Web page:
None of the rituals I have mentioned above will make you a better cricketer and likewise, in education, there are similar pieces of coaching advice that will fail to make any difference to your teaching.  ‘Never smile ’til Christmas’ is the least helpful piece of advice, but there are plenty of others – ‘don’t be persuaded to take on stuff outside the classroom’, ‘seat the pupils in alphabetical order’, ‘don’t mark using red pen’.  I have often heard teachers in training being criticised for being ‘too PGCE-ish’, which tends to mean full of progressive ideology that we suspect has been rammed down their throat by a course tutor.  Equally dispiriting is the teacher who comes straight from a number of years in academia, expecting that pupils will automatically share their love of the subject without question.  Coming into teaching with pre-conceived ideas (or ideas that have been impressed upon you) is likely to limit your success.

Here’s where I think the link with cricket holds true, and with bowling in particular: one does not look to build up a bowling action from scratch, to tell a child what ‘works’ in order to create a bio-mechanically perfect bowling action.  Instead, a coach will tend to ask a child to bowl a few balls in the nets and will then ascertain how he/she can improve on what exists already.  Maybe the natural inclination is to bowl off the ‘wrong’ foot, to have a mixed action, to fall away in delivery stride, to collapse the front knee or to fail to pivot in the delivery stride.  All of these things are likely to compromise bowling effectiveness, but some cricketers have still managed to reach the top of their profession with certain weaknesses from the above list.  The fact is we take what is natural and then attempt to develop and improve it, without leaving things unrecognisable from where we started.  Development, not knocking things down and starting from scratch.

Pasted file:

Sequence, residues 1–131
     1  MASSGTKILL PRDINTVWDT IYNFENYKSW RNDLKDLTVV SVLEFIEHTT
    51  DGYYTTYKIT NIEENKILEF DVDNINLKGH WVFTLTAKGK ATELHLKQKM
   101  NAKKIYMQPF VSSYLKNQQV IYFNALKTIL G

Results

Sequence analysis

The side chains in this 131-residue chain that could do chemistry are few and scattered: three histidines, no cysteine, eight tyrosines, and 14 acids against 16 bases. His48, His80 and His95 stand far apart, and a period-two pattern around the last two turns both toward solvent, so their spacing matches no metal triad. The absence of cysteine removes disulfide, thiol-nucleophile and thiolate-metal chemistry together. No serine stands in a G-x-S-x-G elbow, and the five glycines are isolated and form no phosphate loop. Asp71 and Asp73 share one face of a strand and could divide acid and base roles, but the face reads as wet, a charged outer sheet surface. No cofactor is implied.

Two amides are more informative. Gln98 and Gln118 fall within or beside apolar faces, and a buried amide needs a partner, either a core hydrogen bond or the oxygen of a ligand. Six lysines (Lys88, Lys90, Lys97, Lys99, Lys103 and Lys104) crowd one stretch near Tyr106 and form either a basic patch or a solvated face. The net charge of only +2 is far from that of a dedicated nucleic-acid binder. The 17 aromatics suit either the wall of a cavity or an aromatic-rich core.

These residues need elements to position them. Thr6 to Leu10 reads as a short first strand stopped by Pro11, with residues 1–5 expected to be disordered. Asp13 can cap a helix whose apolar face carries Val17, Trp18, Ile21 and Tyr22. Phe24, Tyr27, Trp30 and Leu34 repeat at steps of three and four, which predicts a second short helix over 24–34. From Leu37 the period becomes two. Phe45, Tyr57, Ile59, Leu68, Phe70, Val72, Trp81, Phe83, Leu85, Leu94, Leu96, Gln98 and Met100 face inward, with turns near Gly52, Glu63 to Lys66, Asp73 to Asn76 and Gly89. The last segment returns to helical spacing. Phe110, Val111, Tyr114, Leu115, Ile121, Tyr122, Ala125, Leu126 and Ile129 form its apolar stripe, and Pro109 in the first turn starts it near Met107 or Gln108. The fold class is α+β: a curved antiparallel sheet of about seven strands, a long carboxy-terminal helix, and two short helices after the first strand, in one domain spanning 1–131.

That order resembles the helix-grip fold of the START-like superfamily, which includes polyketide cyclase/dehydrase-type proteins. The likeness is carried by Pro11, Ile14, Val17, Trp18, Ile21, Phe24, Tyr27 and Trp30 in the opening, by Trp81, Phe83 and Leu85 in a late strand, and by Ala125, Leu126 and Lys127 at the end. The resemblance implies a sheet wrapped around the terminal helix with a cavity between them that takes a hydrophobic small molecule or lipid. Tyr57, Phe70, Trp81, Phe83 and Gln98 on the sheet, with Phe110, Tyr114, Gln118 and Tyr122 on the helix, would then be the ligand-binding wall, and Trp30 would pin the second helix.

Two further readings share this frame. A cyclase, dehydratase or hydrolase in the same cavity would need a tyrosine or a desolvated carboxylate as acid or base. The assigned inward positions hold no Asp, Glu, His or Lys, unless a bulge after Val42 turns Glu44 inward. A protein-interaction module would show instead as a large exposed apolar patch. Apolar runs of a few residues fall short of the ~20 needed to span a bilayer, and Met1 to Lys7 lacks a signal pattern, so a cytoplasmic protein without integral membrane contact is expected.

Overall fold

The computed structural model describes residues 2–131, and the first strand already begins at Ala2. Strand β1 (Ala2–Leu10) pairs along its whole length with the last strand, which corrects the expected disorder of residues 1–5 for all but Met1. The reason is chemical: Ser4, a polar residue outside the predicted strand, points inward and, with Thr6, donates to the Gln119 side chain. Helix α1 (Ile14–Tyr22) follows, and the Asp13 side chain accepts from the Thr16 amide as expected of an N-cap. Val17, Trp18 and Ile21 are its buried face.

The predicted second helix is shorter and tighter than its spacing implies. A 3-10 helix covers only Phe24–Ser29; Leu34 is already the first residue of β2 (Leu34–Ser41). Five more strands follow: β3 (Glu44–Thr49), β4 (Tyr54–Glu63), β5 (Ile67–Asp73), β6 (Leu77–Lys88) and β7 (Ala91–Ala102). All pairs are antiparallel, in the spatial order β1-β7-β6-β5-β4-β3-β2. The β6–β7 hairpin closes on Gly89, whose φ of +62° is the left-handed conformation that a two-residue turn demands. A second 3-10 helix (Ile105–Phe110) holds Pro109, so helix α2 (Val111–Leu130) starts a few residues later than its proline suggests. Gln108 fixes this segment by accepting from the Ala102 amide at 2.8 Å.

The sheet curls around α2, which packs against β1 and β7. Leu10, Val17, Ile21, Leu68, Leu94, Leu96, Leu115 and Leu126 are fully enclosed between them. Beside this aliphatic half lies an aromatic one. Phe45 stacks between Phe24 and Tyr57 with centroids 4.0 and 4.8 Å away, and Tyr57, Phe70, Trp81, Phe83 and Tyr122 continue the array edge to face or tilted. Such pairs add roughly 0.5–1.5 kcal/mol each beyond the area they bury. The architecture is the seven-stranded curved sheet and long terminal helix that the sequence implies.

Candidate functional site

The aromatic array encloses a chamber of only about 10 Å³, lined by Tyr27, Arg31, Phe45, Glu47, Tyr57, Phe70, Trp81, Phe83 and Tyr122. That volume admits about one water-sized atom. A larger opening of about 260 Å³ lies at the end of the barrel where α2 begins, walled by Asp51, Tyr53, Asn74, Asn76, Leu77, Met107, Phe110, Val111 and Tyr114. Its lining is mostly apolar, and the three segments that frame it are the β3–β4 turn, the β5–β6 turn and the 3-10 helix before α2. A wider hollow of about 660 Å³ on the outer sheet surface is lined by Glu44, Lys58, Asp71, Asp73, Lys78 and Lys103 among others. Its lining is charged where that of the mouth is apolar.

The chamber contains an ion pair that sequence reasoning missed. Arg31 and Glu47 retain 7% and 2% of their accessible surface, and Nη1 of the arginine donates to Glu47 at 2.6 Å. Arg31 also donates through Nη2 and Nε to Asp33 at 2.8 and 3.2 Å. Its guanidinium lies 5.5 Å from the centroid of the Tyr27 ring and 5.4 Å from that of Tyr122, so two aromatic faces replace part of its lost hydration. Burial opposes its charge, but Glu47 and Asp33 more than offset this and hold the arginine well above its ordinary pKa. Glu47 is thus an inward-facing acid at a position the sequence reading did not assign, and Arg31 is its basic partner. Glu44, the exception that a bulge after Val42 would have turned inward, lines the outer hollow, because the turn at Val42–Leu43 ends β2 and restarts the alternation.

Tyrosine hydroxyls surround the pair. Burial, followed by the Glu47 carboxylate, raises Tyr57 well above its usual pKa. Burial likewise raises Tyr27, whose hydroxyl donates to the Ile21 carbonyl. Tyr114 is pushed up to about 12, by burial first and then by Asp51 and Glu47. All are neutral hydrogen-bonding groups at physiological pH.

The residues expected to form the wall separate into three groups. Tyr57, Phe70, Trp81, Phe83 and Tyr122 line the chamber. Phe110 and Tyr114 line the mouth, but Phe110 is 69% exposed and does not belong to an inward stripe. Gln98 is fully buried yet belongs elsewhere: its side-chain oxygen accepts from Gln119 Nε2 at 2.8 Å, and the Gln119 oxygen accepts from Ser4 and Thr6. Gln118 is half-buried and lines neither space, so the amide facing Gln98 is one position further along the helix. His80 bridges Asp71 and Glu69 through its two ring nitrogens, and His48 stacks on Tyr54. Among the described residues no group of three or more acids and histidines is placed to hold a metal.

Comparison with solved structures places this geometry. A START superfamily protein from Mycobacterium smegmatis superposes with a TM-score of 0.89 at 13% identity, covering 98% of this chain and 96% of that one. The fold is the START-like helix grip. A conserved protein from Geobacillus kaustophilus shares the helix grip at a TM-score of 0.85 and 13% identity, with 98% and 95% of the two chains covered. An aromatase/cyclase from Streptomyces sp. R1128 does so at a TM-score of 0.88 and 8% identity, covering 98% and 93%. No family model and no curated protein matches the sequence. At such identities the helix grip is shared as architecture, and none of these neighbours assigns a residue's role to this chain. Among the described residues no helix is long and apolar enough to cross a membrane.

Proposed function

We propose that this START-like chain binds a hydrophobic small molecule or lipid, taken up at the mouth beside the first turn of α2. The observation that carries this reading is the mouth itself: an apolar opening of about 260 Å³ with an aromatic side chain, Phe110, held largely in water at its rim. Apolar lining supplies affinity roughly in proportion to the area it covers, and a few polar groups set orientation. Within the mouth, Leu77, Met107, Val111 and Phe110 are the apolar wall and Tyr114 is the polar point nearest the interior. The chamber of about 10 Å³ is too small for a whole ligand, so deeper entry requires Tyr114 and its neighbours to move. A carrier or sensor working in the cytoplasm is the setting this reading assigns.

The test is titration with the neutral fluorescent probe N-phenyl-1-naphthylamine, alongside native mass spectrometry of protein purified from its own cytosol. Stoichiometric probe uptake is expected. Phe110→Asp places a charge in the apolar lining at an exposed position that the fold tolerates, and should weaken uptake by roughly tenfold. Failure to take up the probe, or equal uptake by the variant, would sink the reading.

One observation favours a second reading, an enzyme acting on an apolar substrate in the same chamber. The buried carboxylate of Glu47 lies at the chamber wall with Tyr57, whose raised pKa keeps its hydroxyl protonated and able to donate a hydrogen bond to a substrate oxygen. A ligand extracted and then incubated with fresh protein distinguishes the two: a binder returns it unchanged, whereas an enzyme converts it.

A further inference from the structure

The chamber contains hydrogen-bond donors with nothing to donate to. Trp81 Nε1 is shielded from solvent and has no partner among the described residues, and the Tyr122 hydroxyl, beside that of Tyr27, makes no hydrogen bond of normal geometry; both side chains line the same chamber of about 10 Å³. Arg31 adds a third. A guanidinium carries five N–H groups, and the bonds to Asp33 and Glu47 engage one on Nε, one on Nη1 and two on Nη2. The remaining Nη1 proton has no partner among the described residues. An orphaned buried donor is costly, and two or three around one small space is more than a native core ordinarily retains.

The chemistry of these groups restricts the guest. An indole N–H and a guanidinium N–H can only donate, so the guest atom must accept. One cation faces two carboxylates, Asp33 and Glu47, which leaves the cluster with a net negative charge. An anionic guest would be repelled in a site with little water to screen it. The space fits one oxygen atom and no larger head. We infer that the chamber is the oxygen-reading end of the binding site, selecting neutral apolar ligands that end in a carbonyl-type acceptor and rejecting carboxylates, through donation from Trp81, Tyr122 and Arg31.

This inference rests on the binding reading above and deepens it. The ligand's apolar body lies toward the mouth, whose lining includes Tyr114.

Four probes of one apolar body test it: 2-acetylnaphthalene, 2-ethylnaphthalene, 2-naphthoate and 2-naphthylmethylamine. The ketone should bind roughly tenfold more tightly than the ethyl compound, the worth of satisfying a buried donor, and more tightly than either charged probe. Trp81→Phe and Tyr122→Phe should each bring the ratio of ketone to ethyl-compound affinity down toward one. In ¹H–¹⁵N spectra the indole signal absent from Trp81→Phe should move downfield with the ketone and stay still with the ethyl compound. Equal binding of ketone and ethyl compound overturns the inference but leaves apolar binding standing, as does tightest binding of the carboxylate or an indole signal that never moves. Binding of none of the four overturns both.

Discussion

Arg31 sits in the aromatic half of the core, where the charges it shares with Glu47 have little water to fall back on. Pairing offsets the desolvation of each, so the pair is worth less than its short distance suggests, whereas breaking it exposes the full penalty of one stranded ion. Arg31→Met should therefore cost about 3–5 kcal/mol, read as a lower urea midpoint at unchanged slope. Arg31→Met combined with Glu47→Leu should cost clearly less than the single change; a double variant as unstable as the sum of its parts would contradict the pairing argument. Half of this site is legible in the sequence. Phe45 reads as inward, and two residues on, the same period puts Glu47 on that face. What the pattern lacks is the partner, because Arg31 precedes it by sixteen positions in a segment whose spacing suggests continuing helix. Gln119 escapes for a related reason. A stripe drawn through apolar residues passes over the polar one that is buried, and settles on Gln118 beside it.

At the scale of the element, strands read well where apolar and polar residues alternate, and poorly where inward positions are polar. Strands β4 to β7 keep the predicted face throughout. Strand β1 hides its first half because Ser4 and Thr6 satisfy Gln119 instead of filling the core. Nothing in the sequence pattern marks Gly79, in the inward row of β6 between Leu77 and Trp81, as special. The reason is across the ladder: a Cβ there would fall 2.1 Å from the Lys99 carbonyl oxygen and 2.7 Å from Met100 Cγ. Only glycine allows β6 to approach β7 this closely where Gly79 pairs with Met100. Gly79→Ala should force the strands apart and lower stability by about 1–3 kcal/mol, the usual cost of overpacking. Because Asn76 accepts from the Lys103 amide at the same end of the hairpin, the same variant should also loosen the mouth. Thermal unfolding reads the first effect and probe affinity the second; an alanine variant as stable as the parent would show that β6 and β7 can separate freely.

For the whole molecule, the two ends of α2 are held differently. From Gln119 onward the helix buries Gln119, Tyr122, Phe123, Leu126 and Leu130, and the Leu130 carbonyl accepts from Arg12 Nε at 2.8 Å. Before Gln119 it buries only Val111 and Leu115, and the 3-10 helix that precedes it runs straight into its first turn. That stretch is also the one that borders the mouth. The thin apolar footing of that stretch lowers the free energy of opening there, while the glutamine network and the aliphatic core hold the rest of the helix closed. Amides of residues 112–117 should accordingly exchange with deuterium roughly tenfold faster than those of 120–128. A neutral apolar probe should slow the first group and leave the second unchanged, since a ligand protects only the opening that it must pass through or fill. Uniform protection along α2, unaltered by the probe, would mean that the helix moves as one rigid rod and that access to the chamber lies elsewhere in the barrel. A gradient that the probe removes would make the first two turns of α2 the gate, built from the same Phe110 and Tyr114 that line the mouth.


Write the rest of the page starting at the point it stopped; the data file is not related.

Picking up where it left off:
Improving teaching should be done similarly, and by that I mean we need to concentrate on the individual teachers – their circumstances and challenges.  It is much easier to take what we have, to observe a few lessons and then to suggest what subtle and specific changes can be made to improve matters.  It is also sensible to change only one thing at a time.  I don’t believe that by taking note of research being done in education, we can distil what constitutes effective teaching from that which is not.  I agree that a minority of strategies seem likely to fail and others will work most of the time, but that’s probbaly the best we can do because teaching is much more complicated than that.  What ‘works’ one year seems not to be effective the next – what works with one class of fifteen-year olds does not work with another.  I teach five classes this year and would be able to rank them in order of how effectively I am teaching them.  I have ideas of how to improve the effectiveness of my teaching with each class, and I’m sure that if a colleague were to observe a sequence of lessons with a class, they would have ideas too.  I would be very happy to listen to advice on what amendments I could make.  Nothing is more important than being a reflective practitioner, and to look to make subtle and necessary variations to our delivery where necessary.  Just as batsman, pitches and overhead conditions change, so do pupils, class dynamics and time of lessons.  We should be aware of the need to vary our approach when necessary and this requires the ability to self-audit and also the willingness to listen to the ideas/wisdom of colleagues.  Schools are full of good teachers/coaches and we should be happy to take advice as well as to proffer it.

What do they know of education who only education know?